Rich vs Poor – Is Air Pollution Fair?

Air pollution is an environmental problem that affects everyone in the world, regardless of their socio-economic status. Rich or poor, we all share the same air, and when it is polluted, it affects us all. Whether it is the air of a city or a rural area, air pollution is a problem that cannot be ignored.

Air pollution occurs when harmful pollutants are released into the atmosphere. These pollutants can come from a variety of sources, including factories, cars, wood stoves, and even forest fires. Air pollutants can be in the form of gases, such as nitrogen dioxide and sulfur dioxide, or particles, such as soot, black carbon, and dust.

Rich or poor, everyone breathes the same air, and when it is polluted, it can lead to a variety of health issues. Air pollution can cause respiratory problems, such as asthma and bronchitis, as well as cardiovascular diseases. It can also increase the risk of cancer and other serious illnesses. Even if you don’t have any immediate health issues, air pollution can still affect your quality of life. It can make it difficult to do everyday activities, such as going for a jog or playing outdoors with your kids.

However, rich people have the resources to manage air pollution better than poor people as they are in a better position to purchase air purifiers and other air quality products. Additionally, they can have access to medical support.

I want to focus on how rich people can use their influence to encourage corporate responsibility. Companies can invest in clean energy technologies, reduce their own emissions, and invest in research and development of new air pollution abatement technologies. They can also provide incentives for employees to use public transportation, carpool, and ride bikes in order to reduce emissions from transportation. They can invest in clean energy technology, such as solar, wind, or hydroelectric power, that can reduce emissions from burning fossil fuels.

Rich people can also donate money to organizations that are actively fighting air pollution. This could be anything from supporting research into new clean energy sources to funding campaigns that promote public awareness of air pollution. They can also use their influence to lobby governments to pass laws and regulations that help to reduce air pollution.

All in all, air pollution doesn’t discriminate against rich or poor, but rich people have the necessary tools to protect themselves and influence others, do you agree?


Why every Car needs a CO2 Monitor/Sensor?

Let’s forget at the moment that combustion vehicles emit carbon dioxide (CO2), and focus on the occupants that spend time inside a confined space where they emit CO2 due to metabolite of cell respiration. Vehicles form part of the indoor spaces where humans spend a lot of time due to traffic or because they have to travel long distances.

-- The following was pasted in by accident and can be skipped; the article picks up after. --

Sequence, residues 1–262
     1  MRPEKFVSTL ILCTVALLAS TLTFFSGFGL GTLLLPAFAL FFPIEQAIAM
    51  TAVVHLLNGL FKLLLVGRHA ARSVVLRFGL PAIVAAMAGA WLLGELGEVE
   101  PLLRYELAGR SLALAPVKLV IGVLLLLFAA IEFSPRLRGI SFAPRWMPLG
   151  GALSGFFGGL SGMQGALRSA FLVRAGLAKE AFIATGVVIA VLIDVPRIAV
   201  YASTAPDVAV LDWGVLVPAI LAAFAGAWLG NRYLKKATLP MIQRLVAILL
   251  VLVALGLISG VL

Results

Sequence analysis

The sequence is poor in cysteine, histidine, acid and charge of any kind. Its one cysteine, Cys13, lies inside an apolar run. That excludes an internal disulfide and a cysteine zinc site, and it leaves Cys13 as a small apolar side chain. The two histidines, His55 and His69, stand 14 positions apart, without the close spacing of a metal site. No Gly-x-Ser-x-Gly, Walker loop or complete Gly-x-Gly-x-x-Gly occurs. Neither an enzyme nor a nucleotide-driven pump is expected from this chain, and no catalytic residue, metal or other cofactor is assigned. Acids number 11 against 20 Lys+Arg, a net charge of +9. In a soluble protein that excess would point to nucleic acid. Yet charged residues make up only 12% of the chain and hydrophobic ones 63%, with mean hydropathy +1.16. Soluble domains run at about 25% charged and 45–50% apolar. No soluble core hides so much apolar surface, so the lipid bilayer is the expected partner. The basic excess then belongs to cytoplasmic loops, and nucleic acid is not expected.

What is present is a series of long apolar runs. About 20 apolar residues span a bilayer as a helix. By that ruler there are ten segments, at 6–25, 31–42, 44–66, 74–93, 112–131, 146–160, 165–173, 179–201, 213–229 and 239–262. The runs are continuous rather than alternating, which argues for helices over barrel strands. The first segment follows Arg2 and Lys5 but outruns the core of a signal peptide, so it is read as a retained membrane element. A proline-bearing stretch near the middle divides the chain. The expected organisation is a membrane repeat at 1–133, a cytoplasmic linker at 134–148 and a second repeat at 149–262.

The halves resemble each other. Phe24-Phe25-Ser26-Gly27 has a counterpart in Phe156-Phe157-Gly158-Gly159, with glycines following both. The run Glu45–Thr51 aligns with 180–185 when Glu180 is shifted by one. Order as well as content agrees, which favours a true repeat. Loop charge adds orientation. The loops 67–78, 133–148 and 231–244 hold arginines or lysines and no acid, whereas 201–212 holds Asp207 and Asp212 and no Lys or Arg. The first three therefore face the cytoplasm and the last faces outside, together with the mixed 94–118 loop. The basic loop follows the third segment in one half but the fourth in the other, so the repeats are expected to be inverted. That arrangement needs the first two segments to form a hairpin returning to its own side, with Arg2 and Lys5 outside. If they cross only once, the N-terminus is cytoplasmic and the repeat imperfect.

Regulatory bodies have been controlling many aspects of modern vehicles; tires, mirrors, seat belts, airbags, screens, etc. However, they have forgotten to look into the air quality inside the vehicles and how it affects the driver’s cognitive performance.

When the air inside a vehicle is not renewed and we keep recirculating the same air over and over, then CO2 is built up in levels that can affect our cognitive performance. Basically, carbon dioxide makes us sleepy.

Researchers have found that for every 500 ppm increase of CO2 results in a drop in response times by 2.4%. A different study concludes that levels of CO2 at 1400 ppm, may cut our basic decision-making ability by 25%, and complex strategic thinking by around 50%.

The solution is easy, we force the air conditioning system to take air from outside. Well, unfortunately, this is not a good idea most of the time because filters cannot capture ultra-fine particles or gases like the notorious toxic nitrogen dioxide. You don’t want your car to suck the air from the exhaust pipe of the car in front of you.

What I propose is that the vehicle’s automation systems with the help of air quality sensors will manage the vehicle’s indoor air quality. If CO2 surpasses certain levels and air quality outdoors is at acceptable levels then the vehicle will switch from recirculating air to outdoor air until CO2 levels will drop down. The driver doesn’t need to know or look at the control panel, as everything happens like magic.

In conclusion, it is a dual safety feature that will help people breathe better air and avoid fatal accidents on the streets.